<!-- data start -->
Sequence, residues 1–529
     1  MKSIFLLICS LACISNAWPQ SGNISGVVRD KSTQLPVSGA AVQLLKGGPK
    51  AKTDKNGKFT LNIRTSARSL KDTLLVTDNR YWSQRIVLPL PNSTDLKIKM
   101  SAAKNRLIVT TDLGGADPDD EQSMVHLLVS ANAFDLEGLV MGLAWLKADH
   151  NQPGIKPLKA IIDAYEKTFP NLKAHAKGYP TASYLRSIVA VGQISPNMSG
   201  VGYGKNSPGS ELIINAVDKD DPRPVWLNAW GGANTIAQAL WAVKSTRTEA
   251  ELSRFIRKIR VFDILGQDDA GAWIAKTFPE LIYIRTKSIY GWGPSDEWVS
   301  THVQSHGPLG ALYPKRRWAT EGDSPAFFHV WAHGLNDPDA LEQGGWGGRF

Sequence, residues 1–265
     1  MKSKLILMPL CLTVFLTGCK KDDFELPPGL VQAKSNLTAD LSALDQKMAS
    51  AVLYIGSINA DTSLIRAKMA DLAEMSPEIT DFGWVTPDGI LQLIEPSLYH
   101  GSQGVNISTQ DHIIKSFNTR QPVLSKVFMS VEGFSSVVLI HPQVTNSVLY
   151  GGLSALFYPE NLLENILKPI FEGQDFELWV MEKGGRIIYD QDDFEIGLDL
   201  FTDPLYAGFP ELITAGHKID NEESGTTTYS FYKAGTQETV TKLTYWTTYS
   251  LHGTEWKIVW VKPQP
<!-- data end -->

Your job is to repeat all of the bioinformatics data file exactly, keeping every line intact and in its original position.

Sequence, residues 1–529
     1  MKSIFLLICS LACISNAWPQ SGNISGVVRD KSTQLPVSGA AVQLLKGGPK
    51  AKTDKNGKFT LNIRTSARSL KDTLLVTDNR YWSQRIVLPL PNSTDLKIKM
   101  SAAKNRLIVT TDLGGADPDD EQSMVHLLVS ANAFDLEGLV MGLAWLKADH
   151  NQPGIKPLKA IIDAYEKTFP NLKAHAKGYP TASYLRSIVA VGQISPNMSG
   201  VGYGKNSPGS ELIINAVDKD DPRPVWLNAW GGANTIAQAL WAVKSTRTEA
   251  ELSRFIRKIR VFDILGQDDA GAWIAKTFPE LIYIRTKSIY GWGPSDEWVS
   301  THVQSHGPLG ALYPKRRWAT EGDSPAFFHV WAHGLNDPDA LEQGGWGGRF

Sequence, residues 1–265
     1  MKSKLILMPL CLTVFLTGCK KDDFELPPGL VQAKSNLTAD LSALDQKMAS
    51  AVLYIGSINA DTSLIRAKMA DLAEMSPEIT DFGWVTPDGI LQLIEPSLYH
   101  GSQGVNISTQ DHIIKSFNTR QPVLSKVFMS VEGFSSVVLI HPQVTNSVLY
   151  GGLSALFYPE NLLENILKPI FEGQDFELWV MEKGGRIIYD QDDFEIGLDL
   201  FTDPLYAGFP ELITAGHKID NEESGTTTYS FYKAGTQETV TKLTYWTTYS
   251  LHGTEWKIVW VKPQP